The Deadlift setup and technique to build a bigger back
Today we will discuss the proper deadlift form and technique to build a bigger back.
I’m back with another blog post on the proper deadlift form. I hope you have read my previous blog post if you haven’t click here.
Talking about building a great back takes time, dedication and consistency. If you want a big, wide, thick back then you got to do deadlifts.
When I started going to the gym I wanted a big back but the exercises that I was told to do pull ups, lat pull downs, dumbbell rows, T-bar rows.
Sure I build a good back but it was never up to my standards, I thought some things were missing in my back workouts.
Also, I was working out with high reps & bit lower weights that gave me a wide back but it wasn’t that dense and thick and I was lagging in strength.
After searching all over the books and articles I found deadlifts as the main exercise to build a great back.
Because deadlift is a compound exercise that activates the whole posterior chain, it overloads the muscles which allow you to lift heavier weights.
You can witness that all powerlifters are jacked and have great back development as they periodically increase the intensity during deadlifts.
Not only powerlifters such as Jessi Norris, Pete Rubish, and many other powerlifters but bodybuilders such as Arnold Schwarzenegger, Ronnie Coleman, Franco Columbu great back because they deadlifted heavy.
There are two kinds of deadlift setups:
- Conventional deadlifts.
Let’s first talk about conventional deadlift setup:
Before we talk about any kind of deadlifts you need to know that deadlift is a push movement & not a pull movement, this means that you need to push the floor as you do on the leg press.
Conventional deadlift setup consists of you keeping your legs approximately shoulder width apart. This is a good thumb rule because when you bent down to get the bar, your shins should be about perpendicular to the ground. If the angle is lower than that then it will become difficult to get a tight setup.
Now the second step is to keep your upper body as upright as possible & slowly push your hips back till you feel a tight stretch in your hamstrings. When you feel that you bent at your knees till your hands reach to the bar.
You should remember to keep your back straight as possible. Your head position should be such that is comfortable to you but always stay upright for the lift.
After you are in the position you need to pull the slack out of the bar by just pushing the floor with your legs to the point where the bar just gets off the floor.
Why should you pull the slack out of the bar?
Because many lifters jerk the bar that causes them to lose control to the weights that destroy their form & causes them to round their upper and lower back. Their hips also shoot up too early which causes them to not able to use their hips and will make the lockout difficult.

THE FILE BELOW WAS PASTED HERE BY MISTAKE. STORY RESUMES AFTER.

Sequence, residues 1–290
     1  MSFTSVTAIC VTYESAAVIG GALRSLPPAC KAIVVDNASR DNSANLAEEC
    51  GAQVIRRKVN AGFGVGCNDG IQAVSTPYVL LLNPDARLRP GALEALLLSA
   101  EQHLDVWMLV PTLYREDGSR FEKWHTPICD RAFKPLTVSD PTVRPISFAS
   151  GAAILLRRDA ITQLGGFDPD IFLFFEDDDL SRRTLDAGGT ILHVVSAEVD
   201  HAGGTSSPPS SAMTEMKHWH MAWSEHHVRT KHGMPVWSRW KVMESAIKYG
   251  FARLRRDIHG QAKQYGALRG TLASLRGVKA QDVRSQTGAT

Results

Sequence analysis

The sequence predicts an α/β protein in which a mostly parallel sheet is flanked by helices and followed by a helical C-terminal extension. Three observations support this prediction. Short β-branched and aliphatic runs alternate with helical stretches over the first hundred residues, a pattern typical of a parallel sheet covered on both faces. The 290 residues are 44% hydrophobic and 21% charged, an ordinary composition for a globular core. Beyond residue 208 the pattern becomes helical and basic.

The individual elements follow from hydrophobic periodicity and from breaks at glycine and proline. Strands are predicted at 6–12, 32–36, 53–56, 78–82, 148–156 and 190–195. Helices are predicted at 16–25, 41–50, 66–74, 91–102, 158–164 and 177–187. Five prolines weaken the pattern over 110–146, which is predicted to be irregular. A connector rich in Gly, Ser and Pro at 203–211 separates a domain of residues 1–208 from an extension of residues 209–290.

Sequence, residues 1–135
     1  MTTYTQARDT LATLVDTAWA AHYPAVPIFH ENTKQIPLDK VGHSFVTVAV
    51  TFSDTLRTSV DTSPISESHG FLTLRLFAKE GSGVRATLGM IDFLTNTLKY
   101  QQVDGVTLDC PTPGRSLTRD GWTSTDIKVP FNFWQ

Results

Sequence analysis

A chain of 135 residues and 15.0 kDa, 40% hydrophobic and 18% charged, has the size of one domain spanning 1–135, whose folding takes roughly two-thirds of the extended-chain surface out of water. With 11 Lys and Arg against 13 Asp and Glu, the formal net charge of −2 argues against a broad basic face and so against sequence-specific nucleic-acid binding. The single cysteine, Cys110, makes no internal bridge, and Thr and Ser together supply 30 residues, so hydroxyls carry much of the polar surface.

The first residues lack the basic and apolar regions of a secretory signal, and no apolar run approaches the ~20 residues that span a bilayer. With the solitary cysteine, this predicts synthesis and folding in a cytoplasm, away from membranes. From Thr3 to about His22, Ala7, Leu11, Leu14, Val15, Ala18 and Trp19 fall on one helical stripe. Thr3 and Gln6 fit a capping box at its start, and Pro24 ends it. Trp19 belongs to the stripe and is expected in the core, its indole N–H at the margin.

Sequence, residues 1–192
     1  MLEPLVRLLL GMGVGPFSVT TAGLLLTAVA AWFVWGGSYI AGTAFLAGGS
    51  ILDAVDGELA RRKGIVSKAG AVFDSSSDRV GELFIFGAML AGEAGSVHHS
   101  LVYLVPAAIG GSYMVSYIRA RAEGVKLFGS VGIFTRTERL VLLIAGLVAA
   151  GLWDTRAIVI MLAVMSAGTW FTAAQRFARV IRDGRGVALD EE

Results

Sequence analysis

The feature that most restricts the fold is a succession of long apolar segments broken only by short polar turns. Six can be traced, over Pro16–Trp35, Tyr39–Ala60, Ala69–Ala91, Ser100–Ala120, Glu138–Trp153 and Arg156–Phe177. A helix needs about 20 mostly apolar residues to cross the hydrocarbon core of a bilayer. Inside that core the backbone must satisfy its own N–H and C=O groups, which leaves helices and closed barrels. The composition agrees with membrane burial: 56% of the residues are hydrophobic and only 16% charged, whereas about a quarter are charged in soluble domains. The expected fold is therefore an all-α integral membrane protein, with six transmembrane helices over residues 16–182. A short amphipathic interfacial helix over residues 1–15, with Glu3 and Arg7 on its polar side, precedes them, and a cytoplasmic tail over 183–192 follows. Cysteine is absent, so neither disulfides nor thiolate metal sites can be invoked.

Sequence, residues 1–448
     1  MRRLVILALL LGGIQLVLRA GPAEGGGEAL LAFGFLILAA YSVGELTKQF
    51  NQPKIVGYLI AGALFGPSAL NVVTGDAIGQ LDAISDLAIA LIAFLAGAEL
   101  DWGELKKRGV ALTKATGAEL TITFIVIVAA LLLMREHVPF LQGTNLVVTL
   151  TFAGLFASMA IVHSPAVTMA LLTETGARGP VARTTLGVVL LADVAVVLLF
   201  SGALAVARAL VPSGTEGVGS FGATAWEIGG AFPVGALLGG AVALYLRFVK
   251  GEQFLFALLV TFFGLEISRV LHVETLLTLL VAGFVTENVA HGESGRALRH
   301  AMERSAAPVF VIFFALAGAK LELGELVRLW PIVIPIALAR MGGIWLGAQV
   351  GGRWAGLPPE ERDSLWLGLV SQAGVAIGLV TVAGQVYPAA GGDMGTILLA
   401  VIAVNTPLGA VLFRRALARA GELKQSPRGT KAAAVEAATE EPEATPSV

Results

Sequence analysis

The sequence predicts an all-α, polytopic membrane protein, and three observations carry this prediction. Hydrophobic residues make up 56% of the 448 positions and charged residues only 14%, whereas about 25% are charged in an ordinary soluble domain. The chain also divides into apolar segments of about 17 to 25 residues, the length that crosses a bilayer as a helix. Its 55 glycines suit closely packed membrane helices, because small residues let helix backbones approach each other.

By losing your form you put a lot of risk on your lower back which may set you off for days or even months.
After pulling the slack out of the bar push the floor hard & squeeze your glutes together & lock at the top.
Now to bring the bar down simply push your hips back & repeat the starting setup that I talked about.
To get the maximum from your setup you need to lift bare footed or shoes that have flat soles. Wearing those fancy running shoes will cause imbalance when you lift disturbing your setup.
Now Sumo deadlifts setup:
All the things that we talked about the conventional deadlift are almost same to sumo deadlift, except note the difference that you keep your legs wide apart but also follow the same thumb rule that when you sit down to get the bar your shins should be almost perpendicular to the ground.
Here you need a cue that you need to spread the floor while pulling the slack out of the bar and completing the lift.
Conventional deadlifts involve a few your glutes while the sumo deadlifts involve more of your glutes.
Also, sumo deadlifts decrease the amount of vertical bar travel while conventional deadlifts have more upward vertical travel.
Sumo deadlifts also develop your hip flexors that help you to build a big squat.
Also, notice that sumo and conventional deadlifts will not feel the same in terms of speed off the ground.
You will notice that conventional deadlifts are faster off the ground while slower at the lockouts while sumo deadlifts are slow off the ground and fast at the lockouts.
If you want overall back development and also want to develop your squat then you need to do both deadlifts.
Slowly increase the intensity of your lifts but keeping your form up to date. Ego lifting will only get you to the hospital so don’t get carried away by your gym bro of no pain no gain concept.
So firstly I recommend practice with light weights first and after building your muscle firing pattern ie muscle memory start increasing the weight on the on the bar keeping your form in check.
Whenever you feel your form is going out of the control, deload.
Reduce a bit of weight & again practice so that you remove any imbalances in your muscles & again I want to remind you to forget the slogan of no pain no gain or else you will end up in the hospital.
Here is the video of Dr. Layne Norton, who is a professional powerlifter and he will show you exactly about proper deadlift form and its other elements.
I personally follow his work.
How to deadlift by Dr. Layne Norton.
This was just the brief introduction to deadlifts.
When you get stronger in the deadlifts you will hit a plateau at that time I will give you exact techniques to overcome them.
This is it for this blog and if you like this post share it with your friends and family.
Comment, share and give your feedback and if you have any issues regarding your nutrition, workout, or anything else feel free to comment and I will surely help you overcome that problem.